Thankfully, the Shiyanhu Ecological Tourism Park in China’s Hunan province had the same idea, and decided to roll out their not-so-secret weapon for unmasking the future: a Chinese monkey described as the “king of prophets,” according to Agence France-Presse.
His name is Geda, and local legend has pegged him as a mystical monkey with prophetic insight — one with an impressive record of correctly predicting the winners of European soccer matches.
This time, Geda was asked to predict the winner of the U.S. presidential election and — unlike many a highly-paid pollster — he did exactly that, AFP reported, and with absolute conviction, going as far as planting a smooch on the winner’s face.
Geda — whose name means “goose bumps” — cast his vote by selecting bananas beside life-size cutouts of Donald Trump and Hillary Clinton.
“After ‘deliberate thought,’ the mystic monkey chose Mr. Trump, Shiyanhu Ecological Tourism Park said on Thursday,” according to AFP. “Without even waiting, he congratulated the cardboard candidate with a kiss on the lips.”
Geda, who is 5 years old and wears a yellow shirt advertising his title, correctly predicted that Portugal would win the 2016 European football championship in July, AFP reported. Two days later, Cristiano Ronaldo’s team defeated France 1-0 in overtime.
The Chinese news media is playing close attention to the U.S. presidential election because of the damning fodder it has provided the state-run propaganda machine, according to AFP.
The tumultuous, insult-laden election cycle has offered the closely-monitored Chinese media a rare opportunity to disparage America’s democratic traditions and the leaders who normally promote them.
“ ‘The innumerable scandals, rumours, conspiracy theories and obscenities make it impossible for a person to look away,’ the official Xinhua news service wrote in a commentary last week, likening the 2016 election to a train wreck,” AFP reported.
The AFP didn’t clarify whether Geda, the soothsaying simian, was intended as a mockery of American politics or merely a promotional tool for the ecological park that organized his appearance. He may be special, but he’s not unique. The monkey’s extrasensory insight is supposedly shared by other animals around the globe who have been asked to predict high-pressure sporting events and political elections.
In 2012, according to the Raycom News Network, a 9-year-old squirrel named Gnocchi was asked to predict the outcome of the U.S. presidential election after correctly identifying the winner four years earlier. On his second try, Gnocchi failed, eating nine peanuts from a bowl representing Mitt Romney and only five from an President Obama bowl.
Perhaps the most astute animal psychic in recent memory is Paul the Octopus, a cephalopod who correctly predicted the results of all eight soccer games played by Germany in the World Cup in South Africa in 2010, AFP reported. Paul — who made his predictions by selecting a mussel in a box draped in each country’s flag — even selected Spain over the Netherlands in the World Cup final.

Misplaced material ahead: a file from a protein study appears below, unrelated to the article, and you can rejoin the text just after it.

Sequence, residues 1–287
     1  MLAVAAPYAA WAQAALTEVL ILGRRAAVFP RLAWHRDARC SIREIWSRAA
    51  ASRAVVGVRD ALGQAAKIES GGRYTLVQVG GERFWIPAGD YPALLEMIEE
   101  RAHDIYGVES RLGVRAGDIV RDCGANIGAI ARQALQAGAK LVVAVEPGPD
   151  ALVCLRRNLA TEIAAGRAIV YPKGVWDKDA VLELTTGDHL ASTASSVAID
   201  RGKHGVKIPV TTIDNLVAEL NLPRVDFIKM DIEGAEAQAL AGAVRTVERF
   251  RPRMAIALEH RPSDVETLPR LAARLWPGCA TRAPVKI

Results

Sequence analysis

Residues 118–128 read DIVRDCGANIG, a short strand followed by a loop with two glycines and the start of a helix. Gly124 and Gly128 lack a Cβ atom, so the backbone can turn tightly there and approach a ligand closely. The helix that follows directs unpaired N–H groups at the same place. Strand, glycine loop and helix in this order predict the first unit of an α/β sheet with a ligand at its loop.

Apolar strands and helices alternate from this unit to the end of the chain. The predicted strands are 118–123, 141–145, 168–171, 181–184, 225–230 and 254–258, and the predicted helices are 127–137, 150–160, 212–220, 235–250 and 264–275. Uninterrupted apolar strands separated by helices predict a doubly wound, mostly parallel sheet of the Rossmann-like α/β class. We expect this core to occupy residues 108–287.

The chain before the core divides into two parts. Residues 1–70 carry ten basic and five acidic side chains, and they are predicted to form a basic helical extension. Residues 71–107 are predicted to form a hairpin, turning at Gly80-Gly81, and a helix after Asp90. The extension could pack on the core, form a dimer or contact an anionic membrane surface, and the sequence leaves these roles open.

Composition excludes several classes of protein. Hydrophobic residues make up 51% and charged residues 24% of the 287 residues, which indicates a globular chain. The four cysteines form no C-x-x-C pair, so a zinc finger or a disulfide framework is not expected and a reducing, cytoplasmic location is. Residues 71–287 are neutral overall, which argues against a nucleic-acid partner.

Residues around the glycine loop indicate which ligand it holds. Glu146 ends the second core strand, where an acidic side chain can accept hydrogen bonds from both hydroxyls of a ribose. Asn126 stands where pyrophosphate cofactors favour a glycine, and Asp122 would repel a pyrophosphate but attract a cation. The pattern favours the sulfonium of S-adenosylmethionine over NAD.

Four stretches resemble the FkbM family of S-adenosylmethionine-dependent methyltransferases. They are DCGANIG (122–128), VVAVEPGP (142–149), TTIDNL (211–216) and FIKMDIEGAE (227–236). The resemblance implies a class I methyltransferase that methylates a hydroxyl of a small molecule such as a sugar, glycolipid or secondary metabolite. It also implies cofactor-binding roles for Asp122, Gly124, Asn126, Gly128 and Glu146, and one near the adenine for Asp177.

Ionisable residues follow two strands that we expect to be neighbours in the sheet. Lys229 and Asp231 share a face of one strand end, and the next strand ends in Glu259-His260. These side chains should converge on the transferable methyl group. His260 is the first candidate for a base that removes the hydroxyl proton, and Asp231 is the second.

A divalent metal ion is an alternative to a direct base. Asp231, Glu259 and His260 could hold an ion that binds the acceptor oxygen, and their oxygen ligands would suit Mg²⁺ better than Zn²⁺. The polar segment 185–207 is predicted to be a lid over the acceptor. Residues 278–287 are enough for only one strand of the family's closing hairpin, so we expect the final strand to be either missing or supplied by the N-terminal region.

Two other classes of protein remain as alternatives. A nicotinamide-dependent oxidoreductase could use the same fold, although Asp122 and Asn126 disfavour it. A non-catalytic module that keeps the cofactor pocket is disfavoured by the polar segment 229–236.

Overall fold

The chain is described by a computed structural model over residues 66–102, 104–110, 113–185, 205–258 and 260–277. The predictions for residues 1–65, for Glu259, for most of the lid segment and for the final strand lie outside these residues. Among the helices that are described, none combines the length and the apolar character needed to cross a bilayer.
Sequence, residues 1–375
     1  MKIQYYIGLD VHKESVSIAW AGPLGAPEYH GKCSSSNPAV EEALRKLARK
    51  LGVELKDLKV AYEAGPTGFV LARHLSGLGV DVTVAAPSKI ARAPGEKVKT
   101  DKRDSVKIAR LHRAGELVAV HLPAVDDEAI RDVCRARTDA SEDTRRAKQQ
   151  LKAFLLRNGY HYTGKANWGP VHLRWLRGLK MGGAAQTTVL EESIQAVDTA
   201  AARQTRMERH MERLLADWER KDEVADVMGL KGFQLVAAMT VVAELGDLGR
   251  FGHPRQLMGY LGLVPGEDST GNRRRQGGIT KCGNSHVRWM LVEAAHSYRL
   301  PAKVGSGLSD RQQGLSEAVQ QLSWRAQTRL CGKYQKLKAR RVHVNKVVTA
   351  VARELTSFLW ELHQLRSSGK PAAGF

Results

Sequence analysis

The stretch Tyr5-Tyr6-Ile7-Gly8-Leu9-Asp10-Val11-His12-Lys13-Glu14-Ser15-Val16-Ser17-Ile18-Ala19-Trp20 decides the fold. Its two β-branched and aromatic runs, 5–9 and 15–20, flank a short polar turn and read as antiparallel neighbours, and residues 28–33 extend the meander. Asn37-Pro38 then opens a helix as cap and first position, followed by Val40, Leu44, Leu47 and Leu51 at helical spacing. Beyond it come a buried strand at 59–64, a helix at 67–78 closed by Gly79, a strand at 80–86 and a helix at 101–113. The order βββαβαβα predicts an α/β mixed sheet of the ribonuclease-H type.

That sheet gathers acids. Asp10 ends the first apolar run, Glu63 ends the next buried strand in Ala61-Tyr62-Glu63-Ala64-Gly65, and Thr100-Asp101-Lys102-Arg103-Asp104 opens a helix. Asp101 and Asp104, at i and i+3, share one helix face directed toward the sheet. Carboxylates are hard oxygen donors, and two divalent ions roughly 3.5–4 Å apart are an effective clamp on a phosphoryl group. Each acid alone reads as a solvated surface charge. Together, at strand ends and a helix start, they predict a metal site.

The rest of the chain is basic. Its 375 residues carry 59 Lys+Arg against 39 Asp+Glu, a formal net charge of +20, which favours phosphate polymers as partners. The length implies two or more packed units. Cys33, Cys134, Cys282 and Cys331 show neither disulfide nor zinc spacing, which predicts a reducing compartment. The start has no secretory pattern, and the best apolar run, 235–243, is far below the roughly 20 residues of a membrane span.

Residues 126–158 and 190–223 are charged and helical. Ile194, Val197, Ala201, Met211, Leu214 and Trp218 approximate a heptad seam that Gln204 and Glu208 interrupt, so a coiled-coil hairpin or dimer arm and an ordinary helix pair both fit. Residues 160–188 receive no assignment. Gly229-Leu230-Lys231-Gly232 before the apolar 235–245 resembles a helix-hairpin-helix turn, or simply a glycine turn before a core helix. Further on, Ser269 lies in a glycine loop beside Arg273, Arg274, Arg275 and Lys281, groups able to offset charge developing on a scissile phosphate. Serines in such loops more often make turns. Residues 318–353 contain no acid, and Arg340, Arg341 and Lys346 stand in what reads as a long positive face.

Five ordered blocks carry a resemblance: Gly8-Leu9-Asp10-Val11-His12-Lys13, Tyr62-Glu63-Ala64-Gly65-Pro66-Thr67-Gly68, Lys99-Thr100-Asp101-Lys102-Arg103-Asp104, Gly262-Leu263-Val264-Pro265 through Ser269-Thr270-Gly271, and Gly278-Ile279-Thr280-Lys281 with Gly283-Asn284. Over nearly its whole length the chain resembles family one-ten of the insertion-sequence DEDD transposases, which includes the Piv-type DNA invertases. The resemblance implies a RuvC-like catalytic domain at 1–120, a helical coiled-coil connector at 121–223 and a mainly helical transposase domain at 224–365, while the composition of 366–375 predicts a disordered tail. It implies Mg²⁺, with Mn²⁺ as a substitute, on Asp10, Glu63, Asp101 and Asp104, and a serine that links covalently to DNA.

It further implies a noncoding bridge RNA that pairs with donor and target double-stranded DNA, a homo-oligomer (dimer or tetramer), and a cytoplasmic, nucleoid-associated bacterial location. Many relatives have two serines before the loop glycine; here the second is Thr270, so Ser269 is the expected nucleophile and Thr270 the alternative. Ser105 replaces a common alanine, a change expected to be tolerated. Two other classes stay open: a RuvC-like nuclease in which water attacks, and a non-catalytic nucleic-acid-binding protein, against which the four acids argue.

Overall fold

Paul, the eight-armed native of Weymouth, England, didn’t initially reveal his supernatural talent at the Sea Life Centre where he was born, his caretakers told the Daily Beast in 2014.
After he was transferred to Sea Life Oberhausen, an aquarium in Germany, his powers became manifest, the Daily Beast reported. Eventually, a German TV station began broadcasting each selection, turning Paul into an immediate celebrity.
“He never made any predictions while he was living here, but maybe he was waiting for a big event like the World Cup until he revealed his abilities,” said Fiona Smith, a Sea Life Centre employee.
Paul “died peacefully of natural causes” in 2010, Der Spiegel wrote in a 2010 obituary highlighting the animal’s rise to international fame.
“There was a one in 256 chance that he would get all eight predictions right,” the paper reported. “Paul's success rate confounded mathematicians, angered bookmakers and spooked hundreds of millions of football fans around the world.”
“Paul delighted people from all continents with his seven consecutive correct predictions for the matches of the German national team and for the final,” the aquarium’s general manager, Stefan Porwoll, told the paper. “He was dear to all our hearts and we will sorely miss him. He died peacefully in the night of natural causes. It is a comforting thought that he had a good life with us with the best possible care delivered by a committed team.”
By 2014, people around the world began turning to animals to predict World Cup games, including an elephant, a cow, a Bengali white tiger, a Japanese otter and a Brazilian turtle, according to the Guardian.
More recently, a group of orphaned dogs in Cleveland, were asked by Cleveland.com reporters to choose between Clinton and Trump by selecting presidential chew toys in a “highly unscientific poll” that still bears some resemblance to a real-life election cycles.
The Winner: Trump.